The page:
We’re sure you’ve been there – when inside, your dog wants to go outside, and when outside, he immediately wants to come in again. Clearly dogs enjoy being both inside and outside, so which type of living is right for your dog? Many dog owners opt to keep their dogs indoors, while other dog owners choose to have their dogs live outdoors. Which option is best?
When keeping your dog inside, you need to consider how you will keep your dog safe from dangers that may lie inside your home. Puppies, especially, are incredibly talented at getting into things that they shouldn’t, and you may find chewed shoes and furniture can quickly become common. If you will be bringing a dog into your home, you need to take measures to dog-proof your house to keep both your dog and your valuables safe. The use of child gates and childproof cabinet locks can help you in these efforts. Crate training your dog is another excellent idea, since you can keep him safely contained when you are not home.
While living in your home with you may seem like the perfect life for your dog, remember that dogs need regular exercise and fresh air. When your dog lives in your home with you, you will need to ensure that someone is home on a regular basis to take him outside for bathroom breaks. Additionally, regular walks and playtime are essential to keeping your indoor dog happy and healthy. Playtime and walks help to break up boredom, reducing or preventing destructive behaviors.
If you find that you cannot get home regularly enough to care for your dog due to your work schedule, consider enrolling your dog in Doggy Day Care. Doggy Day Care at Bed & Biscuit Austin provides your dog with socialization, exercise, and care while you are away.
Many dog owners opt to keep their dogs outside. How well your dog does with outdoor life largely depends on the dog’s personality and breed traits. Remember that when you keep your dog outdoors, the attention and stimulation that he would receive from living in your house with you is removed. A dog who thrives on attention and mental stimulation may have a hard time with outdoor life, so you will need to make a deliberate effort to ensure that your pet still receives plenty of attention, even when he is not in your house with you.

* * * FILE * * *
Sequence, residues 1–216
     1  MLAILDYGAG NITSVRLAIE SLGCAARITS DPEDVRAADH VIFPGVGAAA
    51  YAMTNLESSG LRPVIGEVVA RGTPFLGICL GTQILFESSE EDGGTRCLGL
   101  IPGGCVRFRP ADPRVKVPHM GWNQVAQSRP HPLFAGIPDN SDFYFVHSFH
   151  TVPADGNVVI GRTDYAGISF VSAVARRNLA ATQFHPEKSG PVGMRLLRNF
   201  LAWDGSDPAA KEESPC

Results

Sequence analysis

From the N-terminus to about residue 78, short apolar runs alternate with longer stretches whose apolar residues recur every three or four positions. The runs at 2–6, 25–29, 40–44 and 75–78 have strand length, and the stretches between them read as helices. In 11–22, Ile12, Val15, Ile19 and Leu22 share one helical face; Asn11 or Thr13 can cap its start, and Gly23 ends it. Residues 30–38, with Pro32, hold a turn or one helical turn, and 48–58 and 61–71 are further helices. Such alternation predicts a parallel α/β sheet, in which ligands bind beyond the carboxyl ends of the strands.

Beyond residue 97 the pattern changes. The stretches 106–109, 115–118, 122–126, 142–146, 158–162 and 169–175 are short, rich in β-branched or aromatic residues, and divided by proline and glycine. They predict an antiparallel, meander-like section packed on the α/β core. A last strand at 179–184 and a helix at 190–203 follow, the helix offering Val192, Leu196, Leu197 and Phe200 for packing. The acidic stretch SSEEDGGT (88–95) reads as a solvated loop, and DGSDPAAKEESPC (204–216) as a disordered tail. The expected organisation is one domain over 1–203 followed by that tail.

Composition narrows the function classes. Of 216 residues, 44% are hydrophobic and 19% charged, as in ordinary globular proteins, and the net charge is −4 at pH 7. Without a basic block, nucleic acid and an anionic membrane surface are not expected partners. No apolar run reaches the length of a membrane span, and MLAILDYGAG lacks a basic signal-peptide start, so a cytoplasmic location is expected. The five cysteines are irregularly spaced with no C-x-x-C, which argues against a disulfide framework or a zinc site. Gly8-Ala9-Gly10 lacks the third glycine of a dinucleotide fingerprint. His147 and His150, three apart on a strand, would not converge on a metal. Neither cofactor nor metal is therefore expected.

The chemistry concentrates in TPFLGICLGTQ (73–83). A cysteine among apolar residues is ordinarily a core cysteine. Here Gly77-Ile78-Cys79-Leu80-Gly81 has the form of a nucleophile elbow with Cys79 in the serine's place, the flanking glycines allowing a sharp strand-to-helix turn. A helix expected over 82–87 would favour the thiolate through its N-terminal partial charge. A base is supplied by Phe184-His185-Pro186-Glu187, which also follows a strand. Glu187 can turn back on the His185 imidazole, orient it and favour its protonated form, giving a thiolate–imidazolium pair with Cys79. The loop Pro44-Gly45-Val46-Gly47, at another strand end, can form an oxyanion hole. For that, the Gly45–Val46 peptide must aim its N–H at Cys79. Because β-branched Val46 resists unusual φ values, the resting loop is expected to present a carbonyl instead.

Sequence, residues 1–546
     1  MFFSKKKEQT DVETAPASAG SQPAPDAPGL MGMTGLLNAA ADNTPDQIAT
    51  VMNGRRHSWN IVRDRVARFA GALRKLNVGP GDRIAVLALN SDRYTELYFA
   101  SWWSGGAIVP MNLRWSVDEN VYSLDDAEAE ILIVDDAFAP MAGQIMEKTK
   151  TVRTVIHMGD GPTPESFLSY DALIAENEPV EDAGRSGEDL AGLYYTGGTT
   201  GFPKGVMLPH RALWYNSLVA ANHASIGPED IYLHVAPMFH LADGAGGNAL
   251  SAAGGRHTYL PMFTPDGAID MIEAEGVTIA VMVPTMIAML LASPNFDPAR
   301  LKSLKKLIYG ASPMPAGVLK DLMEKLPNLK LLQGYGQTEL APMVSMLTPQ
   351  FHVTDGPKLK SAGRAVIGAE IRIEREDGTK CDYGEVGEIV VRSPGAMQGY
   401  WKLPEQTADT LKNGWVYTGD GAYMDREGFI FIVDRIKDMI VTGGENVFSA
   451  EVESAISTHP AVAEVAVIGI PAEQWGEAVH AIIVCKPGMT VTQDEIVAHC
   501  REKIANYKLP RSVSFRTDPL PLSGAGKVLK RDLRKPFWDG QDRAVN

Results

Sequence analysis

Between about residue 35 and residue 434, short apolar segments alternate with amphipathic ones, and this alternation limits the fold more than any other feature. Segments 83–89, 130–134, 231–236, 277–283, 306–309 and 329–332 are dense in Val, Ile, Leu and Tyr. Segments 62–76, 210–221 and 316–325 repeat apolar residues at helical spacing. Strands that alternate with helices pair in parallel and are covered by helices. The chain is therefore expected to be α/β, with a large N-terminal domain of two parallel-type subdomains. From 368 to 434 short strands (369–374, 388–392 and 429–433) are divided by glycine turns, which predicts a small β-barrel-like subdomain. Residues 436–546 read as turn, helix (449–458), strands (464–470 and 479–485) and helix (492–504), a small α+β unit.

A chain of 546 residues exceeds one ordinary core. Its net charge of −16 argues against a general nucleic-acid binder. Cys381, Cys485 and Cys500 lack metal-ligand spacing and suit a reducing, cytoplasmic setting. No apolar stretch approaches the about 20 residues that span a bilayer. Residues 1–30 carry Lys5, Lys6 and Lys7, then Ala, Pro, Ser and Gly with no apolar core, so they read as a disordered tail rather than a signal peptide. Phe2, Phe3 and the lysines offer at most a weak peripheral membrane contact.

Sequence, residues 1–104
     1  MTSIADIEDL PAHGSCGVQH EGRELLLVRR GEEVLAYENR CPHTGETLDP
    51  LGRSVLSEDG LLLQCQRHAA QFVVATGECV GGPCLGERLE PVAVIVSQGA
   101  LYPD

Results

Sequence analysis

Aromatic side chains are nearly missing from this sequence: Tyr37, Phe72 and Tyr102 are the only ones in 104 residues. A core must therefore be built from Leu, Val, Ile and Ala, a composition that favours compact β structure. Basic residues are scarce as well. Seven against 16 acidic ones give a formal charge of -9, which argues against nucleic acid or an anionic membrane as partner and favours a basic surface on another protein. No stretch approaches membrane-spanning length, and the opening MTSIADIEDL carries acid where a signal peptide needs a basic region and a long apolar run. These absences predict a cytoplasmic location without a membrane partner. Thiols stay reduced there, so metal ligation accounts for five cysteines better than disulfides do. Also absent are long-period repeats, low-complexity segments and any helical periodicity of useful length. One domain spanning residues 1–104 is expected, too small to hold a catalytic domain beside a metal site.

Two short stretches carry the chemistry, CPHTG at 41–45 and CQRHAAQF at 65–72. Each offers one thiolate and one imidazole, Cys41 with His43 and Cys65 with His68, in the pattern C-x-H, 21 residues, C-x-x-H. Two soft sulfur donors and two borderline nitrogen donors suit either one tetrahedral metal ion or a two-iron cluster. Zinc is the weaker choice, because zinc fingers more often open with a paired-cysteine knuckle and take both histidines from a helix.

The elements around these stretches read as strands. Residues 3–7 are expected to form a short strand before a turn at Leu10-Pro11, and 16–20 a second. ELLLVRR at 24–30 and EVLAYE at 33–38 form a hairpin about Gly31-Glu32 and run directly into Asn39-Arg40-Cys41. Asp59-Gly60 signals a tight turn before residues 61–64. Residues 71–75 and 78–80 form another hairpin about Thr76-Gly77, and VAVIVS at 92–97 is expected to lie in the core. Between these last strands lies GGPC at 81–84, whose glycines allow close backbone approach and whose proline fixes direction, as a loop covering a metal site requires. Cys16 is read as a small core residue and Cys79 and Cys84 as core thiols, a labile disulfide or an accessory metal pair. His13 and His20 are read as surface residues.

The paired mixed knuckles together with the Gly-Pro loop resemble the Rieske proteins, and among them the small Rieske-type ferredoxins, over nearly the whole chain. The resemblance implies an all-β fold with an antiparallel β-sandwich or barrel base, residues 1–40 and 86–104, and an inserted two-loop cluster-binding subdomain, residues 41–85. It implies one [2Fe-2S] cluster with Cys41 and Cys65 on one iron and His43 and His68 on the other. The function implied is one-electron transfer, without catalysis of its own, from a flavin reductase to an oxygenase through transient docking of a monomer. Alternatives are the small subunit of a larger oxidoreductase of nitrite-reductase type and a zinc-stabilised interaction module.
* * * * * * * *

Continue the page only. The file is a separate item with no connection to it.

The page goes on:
If your dog is going to live outdoors, then you need to take measures to ensure that he is safe and healthy in this environment. Strong fencing in good repair is essential; a dog who is simply tied up outside cannot get adequate exercise and can be at risk of tangling himself in his lead. The fencing must also be tall and strong enough to keep other dogs out of your yard. If you opt to secure your dog with a lead, make sure that you’re not breaking the law: visit this source and this source to learn more about the laws and specifications of securing dogs with leads.
You will need to provide a dog house or shelter that is appropriate for the weather conditions; your dog needs to be able to stay dry and out of the elements, and he needs to have continuous access to water. In extreme weather, you will need to bring your dog inside for his own safety, so it is best to plan out how you would do this – do you have a room set up in your home that he could stay in?
Remember, too, that most dogs are highly social. Keep your dog’s best interest at heart when deciding whether your dog will be an outdoor or an indoor dog.